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Showing posts from 2014

Rover: Bicycle Galician-Style

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In the Ukrainian diaspora we call a bicycle a "rover" – the word which was commonly used in western Ukraine before the war. Now in Ukraine the word "velosyped" is most widely used, but people in western Ukraine, espеcially in villages, still often say "rover." 
The first bicycles that were sold in western Ukraine were made by the British company Starley & Sutton (later called Rover Company):
"In the early 1880s, the cycles available were the relatively dangerous penny-farthings and high-wheel tricycles. J.K. Starley made history in 1885 by producing the Rover Safety Bicycle—a rear-wheel-drive, chain-driven cycle with two similar-sized wheels... Starley's Rover is usually described by historians as the first recognisably modern bicycle.
"The Polish word now most commonly used for bicycle – rower originates from Rover bicycles which had both wheels of the same size (previous models usually had one bigger, one smaller – see Penny-farthing, a…

Vault Windows in Lviv

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An intersting architectural/infrastructural element of the old buildings in Lviv is the vault window with a metal shutter. Even these seemingly unimportant, mundane covers were finished off with an artistic and decorative touch - a unique cutout, which I assume served the purpose of providing some light and ventilation into the basement vaults. 
The windows would open by key from the outside, and likely were also used as chutes to bring goods or coal directly into the basements from the streets. As these are generally found on the front facade of the buildings, many have been openings to the vaults of storefronts - and so storage of goods was very important.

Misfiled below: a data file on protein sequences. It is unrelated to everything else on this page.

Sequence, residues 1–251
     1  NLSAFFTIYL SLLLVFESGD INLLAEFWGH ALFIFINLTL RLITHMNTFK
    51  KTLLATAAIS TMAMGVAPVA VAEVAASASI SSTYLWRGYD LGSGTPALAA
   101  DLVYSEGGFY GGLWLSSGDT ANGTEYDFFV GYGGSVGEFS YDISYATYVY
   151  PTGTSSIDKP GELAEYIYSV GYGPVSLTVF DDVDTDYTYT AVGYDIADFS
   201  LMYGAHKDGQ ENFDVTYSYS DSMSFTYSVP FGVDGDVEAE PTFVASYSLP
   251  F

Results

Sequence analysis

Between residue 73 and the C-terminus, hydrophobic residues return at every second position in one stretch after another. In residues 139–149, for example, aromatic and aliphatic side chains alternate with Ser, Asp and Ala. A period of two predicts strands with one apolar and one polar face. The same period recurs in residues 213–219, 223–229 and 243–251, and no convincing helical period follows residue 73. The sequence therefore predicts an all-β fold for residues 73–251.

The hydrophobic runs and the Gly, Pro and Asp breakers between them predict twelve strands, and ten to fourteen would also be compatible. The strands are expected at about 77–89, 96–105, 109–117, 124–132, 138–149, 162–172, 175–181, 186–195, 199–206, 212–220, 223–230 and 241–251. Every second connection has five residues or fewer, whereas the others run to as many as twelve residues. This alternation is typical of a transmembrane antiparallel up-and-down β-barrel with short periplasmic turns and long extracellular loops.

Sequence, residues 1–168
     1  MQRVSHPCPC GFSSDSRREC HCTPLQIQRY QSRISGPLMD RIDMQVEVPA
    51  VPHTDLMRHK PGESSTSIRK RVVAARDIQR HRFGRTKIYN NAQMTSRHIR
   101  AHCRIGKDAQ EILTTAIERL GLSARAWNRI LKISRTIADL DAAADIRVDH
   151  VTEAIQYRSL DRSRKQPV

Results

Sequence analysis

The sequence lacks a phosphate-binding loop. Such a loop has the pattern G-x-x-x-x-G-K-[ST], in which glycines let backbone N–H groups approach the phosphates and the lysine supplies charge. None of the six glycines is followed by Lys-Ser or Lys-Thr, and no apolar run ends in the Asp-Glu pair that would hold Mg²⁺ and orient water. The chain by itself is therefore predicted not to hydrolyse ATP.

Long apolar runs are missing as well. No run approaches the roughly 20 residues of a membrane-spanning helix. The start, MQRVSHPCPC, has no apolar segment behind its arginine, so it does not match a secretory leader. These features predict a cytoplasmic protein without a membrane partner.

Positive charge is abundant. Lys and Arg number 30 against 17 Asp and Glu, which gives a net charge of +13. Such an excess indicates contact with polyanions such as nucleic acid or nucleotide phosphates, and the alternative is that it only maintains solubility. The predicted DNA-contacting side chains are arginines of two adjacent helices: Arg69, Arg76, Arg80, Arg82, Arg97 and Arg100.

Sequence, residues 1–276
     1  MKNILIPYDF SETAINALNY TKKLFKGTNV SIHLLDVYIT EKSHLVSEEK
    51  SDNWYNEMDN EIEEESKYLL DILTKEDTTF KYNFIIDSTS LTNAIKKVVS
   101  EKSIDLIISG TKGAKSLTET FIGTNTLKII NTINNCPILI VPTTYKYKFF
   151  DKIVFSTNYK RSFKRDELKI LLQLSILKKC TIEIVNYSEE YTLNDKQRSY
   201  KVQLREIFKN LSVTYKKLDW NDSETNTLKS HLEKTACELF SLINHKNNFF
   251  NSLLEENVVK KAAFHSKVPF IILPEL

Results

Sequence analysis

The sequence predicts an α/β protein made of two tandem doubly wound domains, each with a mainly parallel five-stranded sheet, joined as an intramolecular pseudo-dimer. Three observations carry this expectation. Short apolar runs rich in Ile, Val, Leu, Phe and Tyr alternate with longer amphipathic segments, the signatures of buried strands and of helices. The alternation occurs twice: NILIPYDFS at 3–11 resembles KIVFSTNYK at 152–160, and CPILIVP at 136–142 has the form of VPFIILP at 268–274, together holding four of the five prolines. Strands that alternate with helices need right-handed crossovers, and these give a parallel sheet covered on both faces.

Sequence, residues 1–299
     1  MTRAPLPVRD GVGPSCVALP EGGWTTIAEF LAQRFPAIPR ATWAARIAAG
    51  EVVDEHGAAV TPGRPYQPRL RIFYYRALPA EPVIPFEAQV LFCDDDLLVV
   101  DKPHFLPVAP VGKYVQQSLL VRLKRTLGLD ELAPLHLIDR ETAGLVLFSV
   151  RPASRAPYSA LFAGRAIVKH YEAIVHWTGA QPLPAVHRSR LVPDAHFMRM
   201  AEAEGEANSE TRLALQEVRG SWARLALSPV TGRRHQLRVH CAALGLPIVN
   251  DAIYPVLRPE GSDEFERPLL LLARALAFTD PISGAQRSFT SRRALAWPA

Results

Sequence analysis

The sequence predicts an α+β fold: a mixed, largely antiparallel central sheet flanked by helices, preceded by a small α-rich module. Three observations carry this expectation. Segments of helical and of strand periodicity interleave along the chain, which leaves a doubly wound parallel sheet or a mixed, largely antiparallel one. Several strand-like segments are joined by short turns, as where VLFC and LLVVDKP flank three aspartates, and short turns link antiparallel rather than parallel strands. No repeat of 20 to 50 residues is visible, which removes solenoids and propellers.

Now many of these shutters have been painted over and left unused for decades. The key holes have been painted shut and the keys long gone, while the vaults themselves may have been left abandoned, undisturbed...
Each one has a different design - and there are hundreds of these around Lviv.  My favorites by far are those with th…

Benchmark on Lviv's City Hall

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Somehow I only found out about this benchmark last week, so it wasn't included in my original post about benchmarks in Lviv. And I had walked by it thousands of times as it is located right on the Lviv's City Hall.
On the benchmark is "znak wysokości (Polish for "height marker"), an eagle (Poland's coat of arms), and the letters "P. N." It's possible "P. N." stands for "Polska Norma" (Polish Standard) or "Poprawka Normalna" (Normal Adjustment).
As it features the Polish coat of arms, it dates from the interwar period when Lviv was part of the Second Polish Republic.

image from here

Sundial on Stable in Lviv

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Hidden behind a tall fence at the end of a small street in Kastelivka stands a villa called "Julietka." It was built for private use in 1891-1893 by Julian Zachariewicz and his son Alfred, two famous Lviv architects. Next to the villa is an old stable with a sundial.